Another Obamacare Side Effect: Doctors Abandon Private Practice for the Safety of the Hospital Staff
Next Saturday marks the third anniversary of the signing of Obamacare – – the Patient Protection and Affordable Care Act. It will be yet another reminder that government seizure of free-market medicine provides neither patient protection nor affordable care.
Only a year short of full implementation of Obamacare, we now know that almost nothing that the president promised from his signature piece of legislation is true.
Repeatedly the president said that his health care scheme would reduce the cost of annual premiums. He said the plan would not add to the deficit. He claimed that patients could keep their doctor and insurance plans. These claims were all false.
In addition, we now see thousands of pages of Obamacare regulations, a host of new taxes, and a reversal of protection against the use of federal funds for abortion.
The most alarming side effect of Obamacare is the impact on doctors themselves. Doctors nationwide are retiring early. They are refusing to accept new Medicare and Medicaid patients. Now we witness the demise of the private practice and the increasing trend that sees doctors signing on as salaried employees with big hospitals.
Only last year, a survey among doctors conducted by the Doctor Patient Medical Association Foundation found that 83% of respondents believed that changes in the medical system made them think about quitting medicine altogether. By a margin of 85%, survey respondents said the doctor-patient relationship was declining. An alarming 61% flatly said that it was getting more difficult to adhere to the Hippocratic ethic of medicine.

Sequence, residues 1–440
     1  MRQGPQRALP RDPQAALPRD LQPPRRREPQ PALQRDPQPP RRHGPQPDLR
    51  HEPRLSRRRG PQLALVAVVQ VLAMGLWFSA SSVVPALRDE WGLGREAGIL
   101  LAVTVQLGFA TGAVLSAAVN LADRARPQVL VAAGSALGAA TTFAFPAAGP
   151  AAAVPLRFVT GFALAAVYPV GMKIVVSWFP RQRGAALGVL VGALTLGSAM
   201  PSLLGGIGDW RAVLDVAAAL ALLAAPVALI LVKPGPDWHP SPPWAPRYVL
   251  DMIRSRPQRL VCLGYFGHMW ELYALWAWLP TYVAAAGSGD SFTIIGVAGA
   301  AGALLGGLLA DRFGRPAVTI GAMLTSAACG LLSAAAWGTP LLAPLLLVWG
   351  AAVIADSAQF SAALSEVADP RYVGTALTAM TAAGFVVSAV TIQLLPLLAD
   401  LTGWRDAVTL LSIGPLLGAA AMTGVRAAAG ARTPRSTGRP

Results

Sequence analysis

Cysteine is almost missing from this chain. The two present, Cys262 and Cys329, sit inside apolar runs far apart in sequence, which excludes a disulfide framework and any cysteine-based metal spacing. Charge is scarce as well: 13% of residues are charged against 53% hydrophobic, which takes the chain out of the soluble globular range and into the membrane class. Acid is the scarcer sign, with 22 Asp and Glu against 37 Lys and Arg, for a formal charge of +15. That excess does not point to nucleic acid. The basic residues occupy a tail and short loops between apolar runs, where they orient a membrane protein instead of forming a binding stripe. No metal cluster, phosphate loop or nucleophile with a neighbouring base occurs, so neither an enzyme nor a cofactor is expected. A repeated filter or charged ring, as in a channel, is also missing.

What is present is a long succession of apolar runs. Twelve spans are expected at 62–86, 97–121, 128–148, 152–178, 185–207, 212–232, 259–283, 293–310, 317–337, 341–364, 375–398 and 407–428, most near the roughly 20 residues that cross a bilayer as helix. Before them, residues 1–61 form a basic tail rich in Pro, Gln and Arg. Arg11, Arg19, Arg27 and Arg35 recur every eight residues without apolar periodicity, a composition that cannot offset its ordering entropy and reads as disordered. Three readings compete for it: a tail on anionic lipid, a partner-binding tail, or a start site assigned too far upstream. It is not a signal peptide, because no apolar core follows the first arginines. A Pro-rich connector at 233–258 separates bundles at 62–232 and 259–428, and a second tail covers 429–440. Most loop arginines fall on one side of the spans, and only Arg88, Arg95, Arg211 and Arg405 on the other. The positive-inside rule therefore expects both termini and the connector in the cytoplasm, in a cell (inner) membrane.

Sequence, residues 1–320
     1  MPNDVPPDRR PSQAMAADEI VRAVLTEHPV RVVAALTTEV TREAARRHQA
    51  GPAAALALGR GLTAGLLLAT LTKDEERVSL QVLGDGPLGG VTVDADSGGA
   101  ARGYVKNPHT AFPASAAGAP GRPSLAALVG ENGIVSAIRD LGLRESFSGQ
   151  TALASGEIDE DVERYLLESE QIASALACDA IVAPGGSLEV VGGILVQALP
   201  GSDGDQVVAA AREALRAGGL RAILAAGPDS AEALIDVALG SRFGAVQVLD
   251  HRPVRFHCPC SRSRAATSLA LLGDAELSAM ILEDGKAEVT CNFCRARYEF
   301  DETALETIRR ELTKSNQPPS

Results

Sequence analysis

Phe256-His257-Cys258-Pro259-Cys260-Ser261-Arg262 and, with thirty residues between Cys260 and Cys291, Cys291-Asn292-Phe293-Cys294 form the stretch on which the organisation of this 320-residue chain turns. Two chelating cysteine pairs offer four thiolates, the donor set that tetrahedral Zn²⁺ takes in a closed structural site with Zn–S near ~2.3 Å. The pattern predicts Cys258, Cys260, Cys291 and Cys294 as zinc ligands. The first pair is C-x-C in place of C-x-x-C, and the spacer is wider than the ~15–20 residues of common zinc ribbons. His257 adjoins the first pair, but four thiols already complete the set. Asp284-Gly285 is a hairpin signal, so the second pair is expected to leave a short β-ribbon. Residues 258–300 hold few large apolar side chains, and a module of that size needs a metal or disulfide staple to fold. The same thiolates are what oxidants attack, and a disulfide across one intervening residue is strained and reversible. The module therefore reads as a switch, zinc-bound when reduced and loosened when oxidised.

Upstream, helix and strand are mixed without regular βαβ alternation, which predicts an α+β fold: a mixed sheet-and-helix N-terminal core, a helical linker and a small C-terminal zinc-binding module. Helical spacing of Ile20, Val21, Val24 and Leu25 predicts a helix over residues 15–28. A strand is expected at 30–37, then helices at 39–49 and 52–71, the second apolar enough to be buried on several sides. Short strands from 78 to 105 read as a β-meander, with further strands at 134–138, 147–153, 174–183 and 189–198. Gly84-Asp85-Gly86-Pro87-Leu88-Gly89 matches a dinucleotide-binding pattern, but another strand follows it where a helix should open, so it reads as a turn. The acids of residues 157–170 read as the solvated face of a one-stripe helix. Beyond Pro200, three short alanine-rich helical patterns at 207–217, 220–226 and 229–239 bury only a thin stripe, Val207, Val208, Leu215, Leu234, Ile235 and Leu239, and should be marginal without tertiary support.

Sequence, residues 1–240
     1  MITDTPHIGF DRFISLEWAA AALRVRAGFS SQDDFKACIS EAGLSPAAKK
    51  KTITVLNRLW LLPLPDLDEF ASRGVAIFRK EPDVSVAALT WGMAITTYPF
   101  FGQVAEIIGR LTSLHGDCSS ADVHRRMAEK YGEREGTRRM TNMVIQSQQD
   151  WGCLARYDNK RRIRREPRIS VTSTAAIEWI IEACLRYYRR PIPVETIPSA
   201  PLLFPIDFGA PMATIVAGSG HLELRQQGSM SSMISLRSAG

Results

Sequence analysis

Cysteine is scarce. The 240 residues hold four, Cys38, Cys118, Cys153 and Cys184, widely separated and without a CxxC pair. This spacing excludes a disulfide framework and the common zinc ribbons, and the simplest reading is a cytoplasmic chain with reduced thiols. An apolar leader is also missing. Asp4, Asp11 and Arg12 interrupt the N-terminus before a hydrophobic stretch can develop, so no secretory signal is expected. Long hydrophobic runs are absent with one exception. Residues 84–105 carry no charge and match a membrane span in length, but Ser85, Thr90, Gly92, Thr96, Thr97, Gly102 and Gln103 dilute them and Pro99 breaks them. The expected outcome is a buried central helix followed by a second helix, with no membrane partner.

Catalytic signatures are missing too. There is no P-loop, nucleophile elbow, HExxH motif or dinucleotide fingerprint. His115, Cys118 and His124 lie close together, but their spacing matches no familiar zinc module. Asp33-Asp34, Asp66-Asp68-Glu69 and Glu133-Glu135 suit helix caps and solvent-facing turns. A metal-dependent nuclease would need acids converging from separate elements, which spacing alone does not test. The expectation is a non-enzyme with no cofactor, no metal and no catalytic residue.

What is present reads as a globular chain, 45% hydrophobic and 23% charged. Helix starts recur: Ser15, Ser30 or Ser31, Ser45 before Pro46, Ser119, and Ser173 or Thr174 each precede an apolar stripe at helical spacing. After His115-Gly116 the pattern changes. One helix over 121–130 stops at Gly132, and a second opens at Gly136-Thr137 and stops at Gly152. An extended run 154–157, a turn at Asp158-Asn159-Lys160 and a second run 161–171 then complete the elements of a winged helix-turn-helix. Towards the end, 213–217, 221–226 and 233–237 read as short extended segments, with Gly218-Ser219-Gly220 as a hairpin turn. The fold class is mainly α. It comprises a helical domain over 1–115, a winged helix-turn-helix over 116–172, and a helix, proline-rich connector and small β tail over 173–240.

The survey also reported that respondents believed corporate medicine (including hospitals and insurance companies) is intentionally trying to destroy private practice.
Dr. Scott Gottlieb, a physician and resident fellow at the American Enterprise Institute, recently focused on the problem in an article in the Wall Street Journal under the headline: The Doctor Won’t See You Now. He’s Clocked Out.
Gottlieb explains that Obamacare is making the local doctor- owned medical practice a relic as more and more doctors become hourly wage earners in hospitals. Why has this happened? Gottlieb provides the answer in the first sentence of his article: “Big government likes big providers.”
He goes on to write that Washington doesn’t like doctors in private practice in small offices because it’s harder to regulate them. It is easier to regulate them if they work for big hospitals, he writes, so Obamacare “shifts money to favor the delivery of outpatient care through hospital-owned networks.”
Gottlieb writes that by next year about 50% of U.S. doctors will be working for a hospital or hospital-owned health system. He cites a recent survey by the Medical Group Management Association that showed a nearly 75% increase in the number of active doctors employed by hospitals or hospital system since 2000, “reflecting a trend that sharply accelerated around the time that Obamacare was enacted.”
When doctors become salaried hospital employees, Gottlieb explains, their productivity falls. This loss of productivity reflects a lack of physician accountability as well as a drop in the performance of medical procedures.
Gottlieb concludes that hospitals are not buying doctors’ practices because they want to reform healthcare delivery.
“They are making these purchases to gain local market share and development monopolies,” Gottlieb writes. “They are also exploiting an arbitrage opportunity presented by Medicare’s billing schemes, which pay more for many services when they are delivered at a hospital instead of an outpatient doctor’s office.”
Prepare for the day when your once personal physician is now punching the clock at a corporate- owned hospital. When you call the hospital to reach your doctor you will be put on hold, only to learn that the doctor is out. Try again on Monday.
During the course of his career, Walker has worked in Chicago, Washington DC, New York City, and Phoenix. He served as a reporter in Chicago, a press secretary and speechwriter in Washington, and in numerous positions in New York in corporate and financial services communications.
Walker is a graduate of the University of Wisconsin and the Medill School of Journalism at Northwestern University.